The CyberCell Database (CCDB) is a comprehensive, web-accessible database designed to support and coordinate international efforts in modeling an Escherichia coli cell on a computer. The CCDB brings together both observed and derived quantitative data from numerous independent sources covering many aspects of the genomic, proteomic and metabolomic character of E.coli (strain K12).
The Yeast Metabolome Database (YMDB) is a manually curated database of small molecule metabolites found in or produced by Saccharomyces cerevisiae(also known as Baker’s yeast and Brewer’s yeast). This database covers metabolites described in textbooks, scientific journals, metabolic reconstructions and other electronic databases. YMDB contains metabolites arising from normal S. cerevisiae metabolism under defined laboratory conditions as well as metabolites generated by S. cerevisiae when used in baking and in the production of wines, beers and spirits. YMDB currently contains 2010 small molecules with 857 associated enzymes and 138 associated transporters.
The Bovine Metabolome Database (BMDB) The Bovine Metabolome Database (BMDB) is a freely available electronic database containing detailed information about small molecule metabolites found in beef and dairy cattle. The information includes literature and experimentally derived information on bovine meat, bovine serum, bovine milk, bovine urine and bovine ruminal fluid.
E. coli Metabolome Database (ECMDB) is a freely available eletronic database containing detailed information about the >1620 metabolites found in E. coli (strain K12, MG1655). The information includes literature and experimentally derived information on the chemical data, spectral data and the molecular/biochemistry data.
MarkerDB will be a freely available resource that attempts to consolidate information on all known clinical biomarkers into a single source. Multiple types of markers are covered including metabolite based, genetic based, protein based and cell based markers.
MetaboAnalyst MetaboAnalyst is a comprehensive, Web-based tool designed for processing, analyzing, and interpreting metabolomic data. It handles most of the common metabolomic data types including compound concentration lists, spectral bin lists, peak lists, and raw MS spectra. PubMed: 22553367, 21637195, 21633943
MetATT is a easy-to-use, web-based tool designed for time-series and two-factor metabolomics data analysis. MetATT offers a number of complementary approaches including 3D interactive principal component analysis, two-way heatmap visualization, two-way ANOVA, ANOVA-simultaneous component analysis and multivariate empirical Bayes time-series analysis.
MetaboMiner is a tool which can be used to automatically or semi-automatically identify metabolites in complex biofluids from 2D NMR spectra. MetaboMiner is able to handle both 1H-1H total correlation spectroscopy (TOCSY) and 1H-13C heteronuclear single quantum correlation (HSQC) data. It identifies compounds by comparing 2D spectral patterns in the NMR spectrum of the biofluid mixture with specially constructed libraries containing reference spectra of approximately 500 pure compounds.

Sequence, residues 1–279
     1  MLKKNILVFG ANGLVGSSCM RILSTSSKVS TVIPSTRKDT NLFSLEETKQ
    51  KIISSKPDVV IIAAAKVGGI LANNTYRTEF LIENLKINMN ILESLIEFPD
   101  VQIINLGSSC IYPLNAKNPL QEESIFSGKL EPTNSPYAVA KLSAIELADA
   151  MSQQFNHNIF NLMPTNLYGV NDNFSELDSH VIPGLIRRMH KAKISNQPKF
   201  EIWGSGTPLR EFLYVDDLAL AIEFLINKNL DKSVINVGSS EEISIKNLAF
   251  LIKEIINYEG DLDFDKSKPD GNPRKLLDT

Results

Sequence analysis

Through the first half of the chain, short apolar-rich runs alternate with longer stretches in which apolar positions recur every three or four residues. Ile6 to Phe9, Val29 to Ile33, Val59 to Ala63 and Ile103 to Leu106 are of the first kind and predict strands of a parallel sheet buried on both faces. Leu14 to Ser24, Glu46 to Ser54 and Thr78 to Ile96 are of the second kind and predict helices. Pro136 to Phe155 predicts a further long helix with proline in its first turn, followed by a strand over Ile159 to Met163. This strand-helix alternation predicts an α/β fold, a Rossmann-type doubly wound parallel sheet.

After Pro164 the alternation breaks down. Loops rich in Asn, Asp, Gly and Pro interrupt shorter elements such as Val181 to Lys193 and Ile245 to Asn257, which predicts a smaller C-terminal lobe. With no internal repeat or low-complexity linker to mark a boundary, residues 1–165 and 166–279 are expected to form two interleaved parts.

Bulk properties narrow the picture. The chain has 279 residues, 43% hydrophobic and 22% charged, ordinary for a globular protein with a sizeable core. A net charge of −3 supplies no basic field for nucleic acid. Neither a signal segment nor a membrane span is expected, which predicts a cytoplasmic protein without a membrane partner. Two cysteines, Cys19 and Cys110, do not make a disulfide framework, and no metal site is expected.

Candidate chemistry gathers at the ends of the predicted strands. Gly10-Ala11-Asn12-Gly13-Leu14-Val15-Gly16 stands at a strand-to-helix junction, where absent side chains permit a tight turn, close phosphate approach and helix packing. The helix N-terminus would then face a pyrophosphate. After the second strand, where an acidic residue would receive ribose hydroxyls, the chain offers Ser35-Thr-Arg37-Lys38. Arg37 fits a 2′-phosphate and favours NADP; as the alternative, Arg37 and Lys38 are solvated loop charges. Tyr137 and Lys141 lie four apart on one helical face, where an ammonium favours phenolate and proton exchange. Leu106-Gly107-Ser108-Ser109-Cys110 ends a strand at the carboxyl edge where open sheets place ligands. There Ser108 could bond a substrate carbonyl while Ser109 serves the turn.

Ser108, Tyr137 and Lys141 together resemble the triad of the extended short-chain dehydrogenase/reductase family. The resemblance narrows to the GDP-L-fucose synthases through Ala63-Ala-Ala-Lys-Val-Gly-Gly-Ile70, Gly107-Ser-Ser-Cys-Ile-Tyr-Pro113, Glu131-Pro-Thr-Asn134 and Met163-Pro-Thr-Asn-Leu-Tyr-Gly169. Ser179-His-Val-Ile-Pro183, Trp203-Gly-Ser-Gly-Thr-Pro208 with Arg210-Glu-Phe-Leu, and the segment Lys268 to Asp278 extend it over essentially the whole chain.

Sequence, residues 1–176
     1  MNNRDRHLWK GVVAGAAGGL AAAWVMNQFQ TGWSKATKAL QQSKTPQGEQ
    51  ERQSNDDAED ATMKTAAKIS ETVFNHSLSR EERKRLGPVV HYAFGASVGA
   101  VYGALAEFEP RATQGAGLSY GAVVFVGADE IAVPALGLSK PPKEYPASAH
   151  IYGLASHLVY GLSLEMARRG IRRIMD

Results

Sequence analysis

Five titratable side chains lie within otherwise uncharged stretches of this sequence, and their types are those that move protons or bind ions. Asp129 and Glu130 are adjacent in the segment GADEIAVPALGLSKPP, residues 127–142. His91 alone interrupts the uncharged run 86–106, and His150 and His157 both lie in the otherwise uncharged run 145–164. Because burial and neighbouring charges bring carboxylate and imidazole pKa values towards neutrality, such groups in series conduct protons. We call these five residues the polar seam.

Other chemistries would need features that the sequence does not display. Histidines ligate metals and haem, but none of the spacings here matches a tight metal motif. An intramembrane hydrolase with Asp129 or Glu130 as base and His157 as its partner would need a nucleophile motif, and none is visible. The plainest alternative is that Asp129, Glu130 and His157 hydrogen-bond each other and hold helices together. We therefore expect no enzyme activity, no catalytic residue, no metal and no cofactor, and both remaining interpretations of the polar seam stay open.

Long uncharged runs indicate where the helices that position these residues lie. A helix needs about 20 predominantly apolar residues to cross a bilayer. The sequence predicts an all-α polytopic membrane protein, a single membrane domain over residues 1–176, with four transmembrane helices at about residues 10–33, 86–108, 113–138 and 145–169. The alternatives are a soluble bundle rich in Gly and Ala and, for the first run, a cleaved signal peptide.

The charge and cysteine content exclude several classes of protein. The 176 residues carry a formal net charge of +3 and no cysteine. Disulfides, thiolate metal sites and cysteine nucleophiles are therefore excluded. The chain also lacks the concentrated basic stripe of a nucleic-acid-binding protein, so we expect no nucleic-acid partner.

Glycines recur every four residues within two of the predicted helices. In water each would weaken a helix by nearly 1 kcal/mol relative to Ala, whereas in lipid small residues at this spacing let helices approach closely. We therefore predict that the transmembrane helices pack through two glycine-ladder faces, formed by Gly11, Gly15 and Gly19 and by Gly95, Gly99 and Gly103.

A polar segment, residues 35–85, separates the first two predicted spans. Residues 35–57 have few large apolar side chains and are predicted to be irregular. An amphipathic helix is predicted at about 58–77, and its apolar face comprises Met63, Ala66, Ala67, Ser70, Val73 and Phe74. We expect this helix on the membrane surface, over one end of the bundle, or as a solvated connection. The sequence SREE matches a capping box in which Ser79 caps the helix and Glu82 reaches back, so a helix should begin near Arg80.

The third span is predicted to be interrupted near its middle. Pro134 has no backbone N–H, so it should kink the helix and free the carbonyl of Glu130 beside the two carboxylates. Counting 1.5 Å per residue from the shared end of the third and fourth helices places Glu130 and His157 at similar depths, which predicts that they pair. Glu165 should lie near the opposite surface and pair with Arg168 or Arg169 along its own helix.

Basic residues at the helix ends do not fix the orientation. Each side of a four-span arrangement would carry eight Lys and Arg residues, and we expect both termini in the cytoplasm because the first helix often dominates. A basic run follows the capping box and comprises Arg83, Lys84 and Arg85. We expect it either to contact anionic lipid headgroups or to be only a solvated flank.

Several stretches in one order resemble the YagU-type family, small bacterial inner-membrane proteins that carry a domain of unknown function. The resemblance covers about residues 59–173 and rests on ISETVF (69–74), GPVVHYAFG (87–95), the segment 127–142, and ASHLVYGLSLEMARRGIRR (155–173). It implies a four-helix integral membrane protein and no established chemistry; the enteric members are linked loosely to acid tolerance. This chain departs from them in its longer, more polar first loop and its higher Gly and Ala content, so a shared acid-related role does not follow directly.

PolySearch supports >50 different classes of queries against nearly a dozen different types of text, scientific abstract or bioinformatic databases. The typical query supported by PolySearch is 'Given X, find all Y's' where X or Y can be diseases, tissues, cell compartments, gene/protein names, SNPs, mutations, drugs and metabolites.
BioSpider is a robust tool designed to scan the web for chemical and/or biological information. BioSpider brings together data from a large variety of databases, uses its own set of predictive programs, and integrates chemical (metabolite, ligand, cofactor and drug) data into its biological (sequence, function, pathway etc) reporting.
Receiver Operating Characteristic (ROC) curves are generally considered the method of choice for evaluating the performance of potential biomarkers. ROCCET is a freely available web-based tool designed to assist clinicians and bench biologists in performing common ROC based analyses on their metabolomic data using both classical univariate and more recently developed multivariate approaches.
MetaboMiner is a program which can be used to automatically or semi-automatically identify metabolites in complex biofluids from 2D NMR spectra. MetaboMiner is able to handle both 1H-1H total correlation spectroscopy (TOCSY) and 1H-13C heteronuclear single quantum correlation (HSQC) data. It identifies compounds by comparing 2D spectral patterns in the NMR spectrum of the biofluid mixture with specially constructed libraries containing reference spectra of approximately 500 pure compounds. Tests using a variety of synthetic and real spectra of compound mixtures showed that MetaboMiner is able to identify >80% of detectable metabolites from good quality NMR spectra.
We request that any publications, posters, or oral presentations resulting from work performed by The Metabolomics Innovation Centre acknowledge TMIC. This allows the Centre to report information to our funding agencies, such as impact on Canadian researchers. Clients should also keep us apprised of any publications, posters, or oral presentations arising from work performed at TMIC.